Bosnian minorities push for right to run for president
In this Wednesday, March 7, 2012 photo Bosnian Roma activist Dervo Sejdic poses for a photo during an interview with the Associated Press in Sarajevo, Bosnia.
Published Saturday, March 31, 2012 11:22AM EDT
SARAJEVO - Dervo Sejdic never wanted to be president. But angered that he was barred from running because he's a gypsy, he decided to fight for the right "as a matter of principle."
Jakob Finci is Bosnia's ambassador to Switzerland and has held many government posts. But he can't run because he's a Jew.
Both sued Bosnia in the European Court of Human Rights to force the nation to change its constitution, which allows only Muslim Bosniaks, Christian Orthodox Serbs and Roman Catholic Croats to run for president or for Parliament's upper house.
The charter was drafted in Dayton, Ohio, by peace negotiators in a hurry to stop Bosnia's 1992-95 war that pitted the three main ethnic groups against one another. In order to get them to stop fighting, negotiators needed to hammer out a complicated powersharing agreement that largely excluded minorities.
The constitution carved up the country into two ministates -- one for Serbs, the other shared by Bosniaks and Croats -- linked by a central government. It established three presidents, one for each main ethnic group.
Nobody paid much attention when Sejdic and Finci won their case back in 2009. But when the EU stated last year that enforcing the verdict is "one of the preconditions for an application for EU membership," Bosnia's leaders were forced to take note, and the issue has been nightly fodder on prime time news ever since.
Despite frantic efforts to find a solution and save the nation's EU bid, another deadline set by the human rights court passed this past month without the verdict being implemented. The rival positions, Sejdic says, remain "kilometres away from each other."
The Serbs vehemently oppose significant constitutional change because they fear it would dilute the autonomy of their ministate.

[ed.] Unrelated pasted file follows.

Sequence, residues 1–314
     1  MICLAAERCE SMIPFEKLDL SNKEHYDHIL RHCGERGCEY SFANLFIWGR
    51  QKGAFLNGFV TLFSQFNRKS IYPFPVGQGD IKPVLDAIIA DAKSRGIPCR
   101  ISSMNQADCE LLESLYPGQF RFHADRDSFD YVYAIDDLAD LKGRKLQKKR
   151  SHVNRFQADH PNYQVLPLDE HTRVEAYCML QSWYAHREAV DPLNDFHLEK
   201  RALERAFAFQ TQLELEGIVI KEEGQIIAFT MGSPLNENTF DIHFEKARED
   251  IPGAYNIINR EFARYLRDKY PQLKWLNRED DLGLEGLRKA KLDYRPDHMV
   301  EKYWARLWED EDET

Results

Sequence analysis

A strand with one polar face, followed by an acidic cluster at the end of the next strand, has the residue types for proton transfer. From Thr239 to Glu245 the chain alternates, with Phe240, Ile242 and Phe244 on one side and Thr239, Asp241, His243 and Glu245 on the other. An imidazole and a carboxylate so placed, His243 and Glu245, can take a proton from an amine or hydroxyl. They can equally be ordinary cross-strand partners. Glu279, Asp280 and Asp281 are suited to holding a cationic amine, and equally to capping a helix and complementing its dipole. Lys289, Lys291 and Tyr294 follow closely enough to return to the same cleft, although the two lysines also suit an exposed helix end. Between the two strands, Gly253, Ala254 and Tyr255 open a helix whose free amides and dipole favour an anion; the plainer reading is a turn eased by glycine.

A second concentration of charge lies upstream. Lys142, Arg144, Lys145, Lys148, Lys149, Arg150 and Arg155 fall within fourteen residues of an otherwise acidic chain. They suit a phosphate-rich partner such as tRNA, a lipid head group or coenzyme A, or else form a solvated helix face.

Bosniaks want to change the constitution to allow minorities to run for high office, hoping it will yield more reforms that would eventually replace the powersharing system with a unified democracy.
Croats also want changes but in the opposite direction: an even stronger powersharing system that would give them equal power even though the Croats are the smallest group.
Sejdic applied to run for the presidency in the 2005 elections but was flatly rejected by the election commission because he is "neither a Bosniak, nor a Croat, nor a Serb." He appealed to the constitutional Court and received a similar rejection.
"Their answer literally said that I had to change the constitution first and then try again," he remembers. "Until then, the Roma are not a 'constitutional category'."
That's what triggered his 2009 lawsuit in the European Court for Human Rights. Soon, he was informed that another Bosnian -- Finci -- had filed a similar lawsuit. The court in Strasbourg, France, combined the two lawsuits and ruled in their favour the same year.
Sejdic and Finci became heroes for members of Bosnia's 17 minorities as well as children of mixed marriages, who complain that they have been discriminated against for two decades by being barred from running for president or Parliament's upper house.
For politicians, they are a headache that just won't go away.
Not only do they have to think about the interests of their respective ethnic groups, but also the complex logistics of carrying out the Strasbourg court's verdict.
Should one more minority president be added to the already expensive and ineffective three-member presidency? Or should there be just one president elected directly by voters from both ministates, a step toward unification so much feared by the Serbs?
"See, the devil lies in the details," says Krstan Simic, the Serb member of the Parliamentary Commission charged with finding a solution.
If Bosnia does not find a way to solve the problem by the next elections in 2014, it could be kicked out of the Council of Europe, further imperiling its EU prospects.
Meanwhile, Sejdic keeps pushing. "I love Bosnia," he says. "That's why I'm suing."
In 2010 he sued again because the verdict from 2009 had not been implemented. Only this time he asked for compensation: "Four years worth of presidential salary" -- or about 125,000 euros.
If he is not allowed to run again at the 2014 elections, he will sue for another four-year presidential salary.
"I can do this all my life."